What is the Difference Between Accrual and Cash-Basis Accounting?
Under accrual accounting, revenue is recognized once earned and expenses are recorded post-invoice, whereas cash-basis accounting recognizes revenue/expenses immediately after the actual transfer of cash.
- What is accrual accounting?
- What is cash-basis accounting?
- How does accrual accounting differ from cash accounting?
- Why does U.S. GAAP require reporting under accrual accounting?
Accrual vs Cash-Basis Accounting Overview
The chart below summarizes the differences between accrual and cash-basis accounting.
Accrual Accounting Definition
The difference between accrual and cash basis accounting lies in the timing of revenue and expense recognition – or more specifically, the conditions that are required to be met for revenue or expenses to be recorded.
Under U.S. GAAP, the standardized reporting method is “accrual” accounting.
Accrual accounting records revenues once they are earned – which means the product/service was delivered to the customer and the payment is reasonably expected by the company in return.
Even if the customer pays on credit (i.e. the cash has not yet been received from the customer), the revenue is recorded on the income statement and the amount is captured in the accounts receivable (A/R) line item on the balance sheet.
Regardless of the fact that cash payment was never received, the revenue in such a case would be recognized under accrual accounting.
Likewise, if a company pays a supplier using credit as opposed to cash, the expense is still recorded on the income statement despite the invoice having been not paid off, which reduces the taxable income in the current period.
Even though the company will eventually make the cash payment for the products/services received, the cash is in the possession of the company for the time being and the amount is recorded on the balance sheet as accounts payable (A/P).
Cash-Basis Accounting Definition
In comparison, “cash-basis” accounting recognizes revenue only if cash payment is actually received for the product/service delivered.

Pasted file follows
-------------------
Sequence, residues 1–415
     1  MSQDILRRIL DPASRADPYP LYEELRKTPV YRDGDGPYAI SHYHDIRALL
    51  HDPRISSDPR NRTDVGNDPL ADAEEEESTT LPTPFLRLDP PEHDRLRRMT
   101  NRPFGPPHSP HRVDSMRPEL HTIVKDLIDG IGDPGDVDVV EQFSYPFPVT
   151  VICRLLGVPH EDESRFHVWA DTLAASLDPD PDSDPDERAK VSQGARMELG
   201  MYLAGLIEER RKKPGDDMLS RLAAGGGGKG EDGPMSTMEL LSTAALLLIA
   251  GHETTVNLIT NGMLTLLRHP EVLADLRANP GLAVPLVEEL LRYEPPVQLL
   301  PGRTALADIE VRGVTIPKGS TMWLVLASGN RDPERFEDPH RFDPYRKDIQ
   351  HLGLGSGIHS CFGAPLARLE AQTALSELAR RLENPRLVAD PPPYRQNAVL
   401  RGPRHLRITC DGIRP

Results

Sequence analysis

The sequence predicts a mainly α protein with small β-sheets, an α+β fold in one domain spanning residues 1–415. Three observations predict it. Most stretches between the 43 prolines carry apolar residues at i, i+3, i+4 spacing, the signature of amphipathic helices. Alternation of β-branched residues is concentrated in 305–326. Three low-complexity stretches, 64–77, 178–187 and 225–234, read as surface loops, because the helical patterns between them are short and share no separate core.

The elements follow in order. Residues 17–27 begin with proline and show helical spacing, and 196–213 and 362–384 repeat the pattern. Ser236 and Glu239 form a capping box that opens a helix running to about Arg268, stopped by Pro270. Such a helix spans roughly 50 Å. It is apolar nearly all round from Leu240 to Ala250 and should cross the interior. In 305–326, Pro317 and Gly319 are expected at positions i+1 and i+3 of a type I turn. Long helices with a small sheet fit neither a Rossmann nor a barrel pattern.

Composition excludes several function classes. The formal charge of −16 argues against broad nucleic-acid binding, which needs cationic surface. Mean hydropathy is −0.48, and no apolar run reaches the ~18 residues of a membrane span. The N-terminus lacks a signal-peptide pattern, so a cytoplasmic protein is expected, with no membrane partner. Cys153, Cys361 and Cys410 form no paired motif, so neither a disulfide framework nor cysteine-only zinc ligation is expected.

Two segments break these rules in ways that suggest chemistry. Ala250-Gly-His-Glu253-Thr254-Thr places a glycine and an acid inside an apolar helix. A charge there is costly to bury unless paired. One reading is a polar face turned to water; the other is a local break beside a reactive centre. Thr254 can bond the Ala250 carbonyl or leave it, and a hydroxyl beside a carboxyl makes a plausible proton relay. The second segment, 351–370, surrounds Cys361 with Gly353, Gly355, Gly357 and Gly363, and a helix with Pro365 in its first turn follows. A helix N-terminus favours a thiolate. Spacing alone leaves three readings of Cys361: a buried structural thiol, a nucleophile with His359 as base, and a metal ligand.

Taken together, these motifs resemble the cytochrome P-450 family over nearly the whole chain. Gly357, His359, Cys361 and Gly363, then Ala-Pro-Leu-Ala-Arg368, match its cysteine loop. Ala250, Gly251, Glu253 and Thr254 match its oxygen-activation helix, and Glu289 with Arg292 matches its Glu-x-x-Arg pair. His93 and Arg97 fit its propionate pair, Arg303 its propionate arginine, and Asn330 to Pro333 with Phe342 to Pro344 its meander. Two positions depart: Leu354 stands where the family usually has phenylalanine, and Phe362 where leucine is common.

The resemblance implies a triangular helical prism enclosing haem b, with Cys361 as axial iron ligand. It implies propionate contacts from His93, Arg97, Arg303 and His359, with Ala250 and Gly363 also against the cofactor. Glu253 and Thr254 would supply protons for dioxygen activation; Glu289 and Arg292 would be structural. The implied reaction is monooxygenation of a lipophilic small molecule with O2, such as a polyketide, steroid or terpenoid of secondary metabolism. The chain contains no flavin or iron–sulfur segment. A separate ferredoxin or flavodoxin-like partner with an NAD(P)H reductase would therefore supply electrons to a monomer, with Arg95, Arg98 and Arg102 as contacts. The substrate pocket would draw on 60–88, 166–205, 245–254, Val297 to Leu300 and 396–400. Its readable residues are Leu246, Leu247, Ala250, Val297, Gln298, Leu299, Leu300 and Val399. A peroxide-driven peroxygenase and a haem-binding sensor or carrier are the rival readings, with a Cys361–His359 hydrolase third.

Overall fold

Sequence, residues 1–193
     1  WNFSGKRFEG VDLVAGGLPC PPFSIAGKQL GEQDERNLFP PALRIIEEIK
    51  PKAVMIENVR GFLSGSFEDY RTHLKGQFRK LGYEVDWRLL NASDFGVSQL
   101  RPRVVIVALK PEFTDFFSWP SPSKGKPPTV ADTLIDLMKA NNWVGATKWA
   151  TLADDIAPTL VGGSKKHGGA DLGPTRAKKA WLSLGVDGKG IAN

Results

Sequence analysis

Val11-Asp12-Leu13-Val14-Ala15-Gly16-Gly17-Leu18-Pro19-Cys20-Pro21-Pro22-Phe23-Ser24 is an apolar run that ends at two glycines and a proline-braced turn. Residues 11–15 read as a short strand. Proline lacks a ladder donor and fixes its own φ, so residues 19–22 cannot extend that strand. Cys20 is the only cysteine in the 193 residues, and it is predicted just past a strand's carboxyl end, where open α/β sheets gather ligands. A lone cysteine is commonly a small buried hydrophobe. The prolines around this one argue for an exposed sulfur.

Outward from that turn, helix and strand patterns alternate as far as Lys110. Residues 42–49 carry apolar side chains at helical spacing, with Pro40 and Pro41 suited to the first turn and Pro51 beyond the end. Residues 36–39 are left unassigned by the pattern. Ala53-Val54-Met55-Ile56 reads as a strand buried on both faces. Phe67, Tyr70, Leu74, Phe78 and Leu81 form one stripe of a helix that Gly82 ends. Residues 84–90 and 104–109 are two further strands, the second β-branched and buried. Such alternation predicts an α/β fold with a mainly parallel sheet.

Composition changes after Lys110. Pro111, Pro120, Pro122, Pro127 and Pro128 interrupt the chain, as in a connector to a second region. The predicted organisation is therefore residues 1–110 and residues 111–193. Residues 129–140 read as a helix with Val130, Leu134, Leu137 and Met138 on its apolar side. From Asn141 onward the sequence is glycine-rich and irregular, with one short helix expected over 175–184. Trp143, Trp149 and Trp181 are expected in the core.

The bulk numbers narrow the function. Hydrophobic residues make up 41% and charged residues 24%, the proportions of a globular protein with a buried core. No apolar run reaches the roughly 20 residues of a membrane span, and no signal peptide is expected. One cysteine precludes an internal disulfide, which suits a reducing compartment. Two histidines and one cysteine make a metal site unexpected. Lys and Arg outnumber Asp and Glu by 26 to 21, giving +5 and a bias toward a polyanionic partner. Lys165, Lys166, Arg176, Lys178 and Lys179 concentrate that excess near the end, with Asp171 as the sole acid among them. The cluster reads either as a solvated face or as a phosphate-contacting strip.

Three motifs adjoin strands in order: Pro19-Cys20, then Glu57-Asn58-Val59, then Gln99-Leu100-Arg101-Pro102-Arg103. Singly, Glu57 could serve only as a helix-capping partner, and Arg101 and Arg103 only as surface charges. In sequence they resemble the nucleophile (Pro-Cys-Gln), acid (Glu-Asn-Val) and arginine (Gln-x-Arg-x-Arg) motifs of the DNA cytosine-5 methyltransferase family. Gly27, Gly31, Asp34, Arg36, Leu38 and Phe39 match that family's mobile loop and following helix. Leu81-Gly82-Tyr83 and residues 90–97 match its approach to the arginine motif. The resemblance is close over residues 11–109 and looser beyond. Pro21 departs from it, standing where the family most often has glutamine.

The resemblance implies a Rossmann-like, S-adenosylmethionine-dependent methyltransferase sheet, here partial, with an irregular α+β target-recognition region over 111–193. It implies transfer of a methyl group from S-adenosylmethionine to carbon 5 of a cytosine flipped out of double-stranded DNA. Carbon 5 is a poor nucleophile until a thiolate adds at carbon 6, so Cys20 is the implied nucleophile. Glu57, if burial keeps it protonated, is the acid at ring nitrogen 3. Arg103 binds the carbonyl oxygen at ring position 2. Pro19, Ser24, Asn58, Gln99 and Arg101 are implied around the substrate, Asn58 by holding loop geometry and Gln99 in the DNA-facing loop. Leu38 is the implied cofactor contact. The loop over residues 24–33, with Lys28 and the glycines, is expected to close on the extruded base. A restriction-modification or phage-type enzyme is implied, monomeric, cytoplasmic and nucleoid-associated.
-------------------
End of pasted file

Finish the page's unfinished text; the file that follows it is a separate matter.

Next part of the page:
Moreover, a company’s expenses are not recognized until an actual cash payment is made (i.e. a real cash outflow).
The benefit of cash basis accounting is that it tracks the amount of cash a company truly has on hand at any given moment.
For that reason, for distressed companies facing a liquidity shortage, cash-basis accounting is used for internal purposes to share with lenders and/or the Bankruptcy Court.
Unlike accrual accounting, the cash basis accounting method recognizes neither accounts receivable (A/R) nor accounts payable (A/P).
Note that cash-basis accounting is used predominantly by private companies.
Accrual Accounting vs Cash-Basis Accounting
In cash-basis accounting, the main difference is that the cash value shown on the balance sheet represents the actual amount of cash in the company’s bank account.
In other words, the cash in the bank account is ready for use and at the company’s disposal.
But for accrual accounting, the cash flow statement is required to understand the real liquidity position of the company.
The cash flow statement tracks the non-cash add-backs and changes in working capital among various other factors that impact the cash balance.
Under accrual accounting, the cash balance shown on the balance sheet might not be an accurate representation of the company’s actual liquidity – which explains the importance of the cash flow statement.